Gladly the Court of Appeal in DASUKI v. DIRECTOR GENERAL STATE SECURITY & ORS (2019) LPELR-48113(CA) dissected the meaning and usage of the word when it held that “In ordinary usage, the word “and” is a conjunctive. Black’s Law Dictionary 6th Edition, described the word “and” as “A conjunction connecting words or phrase expressing the idea that the latter is to be added to or taken along with the first.

Added to; together with, joined with as well as, (Emphasis Mine)Without doubt, the mischief rule of interpretation is apposite in understanding and dissecting the intentions of the drafters. In simply terms, what was the mischief that was intended to be cured by this provision?

The answer is clear and unarguable. The constitution needs a candidate with national spread that reflects acceptance in different areas of the nation; therefore the constitution is looking for bridge builders’ and not a local champion.

The argument for 25 States with or without getting 25% of the FCT takes root in Section 299 of the Constitution which reads ‘the provision of this constitution shall apply to the Federal Capital Territory Abuja as if it were one of the States of the Federation’.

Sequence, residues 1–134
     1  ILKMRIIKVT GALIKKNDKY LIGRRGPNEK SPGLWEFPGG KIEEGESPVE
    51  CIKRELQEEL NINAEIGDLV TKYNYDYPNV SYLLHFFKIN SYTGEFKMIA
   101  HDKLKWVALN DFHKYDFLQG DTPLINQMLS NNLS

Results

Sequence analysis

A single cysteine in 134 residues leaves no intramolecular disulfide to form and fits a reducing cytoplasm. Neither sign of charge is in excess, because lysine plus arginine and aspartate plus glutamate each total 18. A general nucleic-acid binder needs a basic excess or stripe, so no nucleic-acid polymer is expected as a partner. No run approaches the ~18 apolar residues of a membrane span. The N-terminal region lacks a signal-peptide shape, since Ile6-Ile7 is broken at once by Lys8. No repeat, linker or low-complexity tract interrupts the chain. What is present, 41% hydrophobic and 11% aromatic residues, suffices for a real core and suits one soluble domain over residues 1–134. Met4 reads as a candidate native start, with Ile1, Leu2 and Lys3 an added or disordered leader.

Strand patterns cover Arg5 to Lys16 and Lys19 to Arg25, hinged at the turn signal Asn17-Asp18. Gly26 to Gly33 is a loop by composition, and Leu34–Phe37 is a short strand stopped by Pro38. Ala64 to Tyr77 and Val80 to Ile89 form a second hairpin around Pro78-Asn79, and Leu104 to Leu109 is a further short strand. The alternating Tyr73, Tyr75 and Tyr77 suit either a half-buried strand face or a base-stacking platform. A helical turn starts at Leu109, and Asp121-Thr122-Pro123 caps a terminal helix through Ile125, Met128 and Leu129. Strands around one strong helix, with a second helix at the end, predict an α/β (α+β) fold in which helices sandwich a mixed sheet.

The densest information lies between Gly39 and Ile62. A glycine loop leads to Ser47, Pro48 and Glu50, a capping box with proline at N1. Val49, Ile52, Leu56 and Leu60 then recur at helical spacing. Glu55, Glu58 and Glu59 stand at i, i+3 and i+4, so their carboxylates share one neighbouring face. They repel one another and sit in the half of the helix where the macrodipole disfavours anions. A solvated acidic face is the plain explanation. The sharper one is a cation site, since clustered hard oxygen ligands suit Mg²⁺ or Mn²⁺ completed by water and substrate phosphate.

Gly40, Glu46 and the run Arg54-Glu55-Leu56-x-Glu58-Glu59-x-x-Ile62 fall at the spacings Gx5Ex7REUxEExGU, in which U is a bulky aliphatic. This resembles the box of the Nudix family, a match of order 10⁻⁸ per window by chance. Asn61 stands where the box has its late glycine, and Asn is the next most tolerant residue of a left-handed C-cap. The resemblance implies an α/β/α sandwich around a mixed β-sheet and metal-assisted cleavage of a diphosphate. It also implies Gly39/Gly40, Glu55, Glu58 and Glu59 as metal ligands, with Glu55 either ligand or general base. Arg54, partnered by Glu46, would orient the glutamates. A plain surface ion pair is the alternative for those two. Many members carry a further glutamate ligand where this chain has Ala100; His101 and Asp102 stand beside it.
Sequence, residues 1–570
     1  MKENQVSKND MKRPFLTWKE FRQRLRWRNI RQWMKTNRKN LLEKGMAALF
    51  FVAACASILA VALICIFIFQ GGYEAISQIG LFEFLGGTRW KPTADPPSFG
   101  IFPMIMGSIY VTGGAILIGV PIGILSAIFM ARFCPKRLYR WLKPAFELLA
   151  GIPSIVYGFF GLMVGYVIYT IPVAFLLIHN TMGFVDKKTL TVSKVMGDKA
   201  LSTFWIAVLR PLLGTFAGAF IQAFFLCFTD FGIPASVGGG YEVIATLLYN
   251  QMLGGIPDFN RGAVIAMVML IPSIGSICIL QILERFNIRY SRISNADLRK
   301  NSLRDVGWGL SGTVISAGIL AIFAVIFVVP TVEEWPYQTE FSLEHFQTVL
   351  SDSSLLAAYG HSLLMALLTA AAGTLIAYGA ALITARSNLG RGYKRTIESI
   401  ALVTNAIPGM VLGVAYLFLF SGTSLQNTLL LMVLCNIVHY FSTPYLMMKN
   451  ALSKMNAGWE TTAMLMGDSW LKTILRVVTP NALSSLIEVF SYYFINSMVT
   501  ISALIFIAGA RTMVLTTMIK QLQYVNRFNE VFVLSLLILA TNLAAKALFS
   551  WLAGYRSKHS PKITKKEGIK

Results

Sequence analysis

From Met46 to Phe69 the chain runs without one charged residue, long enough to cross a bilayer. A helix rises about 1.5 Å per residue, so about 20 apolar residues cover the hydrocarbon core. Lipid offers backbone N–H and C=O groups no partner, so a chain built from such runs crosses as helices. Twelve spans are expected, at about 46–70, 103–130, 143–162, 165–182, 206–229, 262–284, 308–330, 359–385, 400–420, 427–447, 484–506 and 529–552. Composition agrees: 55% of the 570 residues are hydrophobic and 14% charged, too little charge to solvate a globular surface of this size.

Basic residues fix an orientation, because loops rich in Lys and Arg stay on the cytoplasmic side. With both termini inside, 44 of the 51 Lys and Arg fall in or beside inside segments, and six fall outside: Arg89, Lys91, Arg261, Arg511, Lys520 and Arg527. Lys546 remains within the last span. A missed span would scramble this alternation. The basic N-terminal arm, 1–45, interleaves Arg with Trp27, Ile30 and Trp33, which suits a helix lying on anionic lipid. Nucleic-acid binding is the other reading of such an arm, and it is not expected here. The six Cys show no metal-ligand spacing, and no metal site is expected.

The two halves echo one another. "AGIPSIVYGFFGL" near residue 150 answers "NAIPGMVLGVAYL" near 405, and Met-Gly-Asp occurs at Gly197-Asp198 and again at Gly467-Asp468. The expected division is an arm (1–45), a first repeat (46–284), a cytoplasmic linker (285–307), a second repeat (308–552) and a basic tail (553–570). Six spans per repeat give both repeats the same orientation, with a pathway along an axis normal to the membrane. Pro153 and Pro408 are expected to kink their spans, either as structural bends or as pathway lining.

The weakness of this argument however is that it seems to be over stretched.

Without doubt, the entirety of Chapter VIII of the constitution, centers on the general legal framework and administration of the FCT for administration sake, the FCT is deemed and governed as a state, this much is unarguable. 

The Courts had held time without numbers that when a specific and a general provisions of the law conflicts the general bows for the specific. Generally Abuja should be administered as a state; this provision cannot take precedence over a specific provisions. See Ibori V Ogboru (2004)15NWLR (PT 895). 

Whereas the FCT is generally seen as a state, section 299 does not in any way obviate section 134 (1) (b), otherwise the section in contention would very easily reads, ‘not less than one-quarter of the votes cast in each of at least two-third states of the Federation’ as was the case in Section 132 (4).

Where the Drafters did not see any need to specifically mentioned FCT since same is deemed as a state already.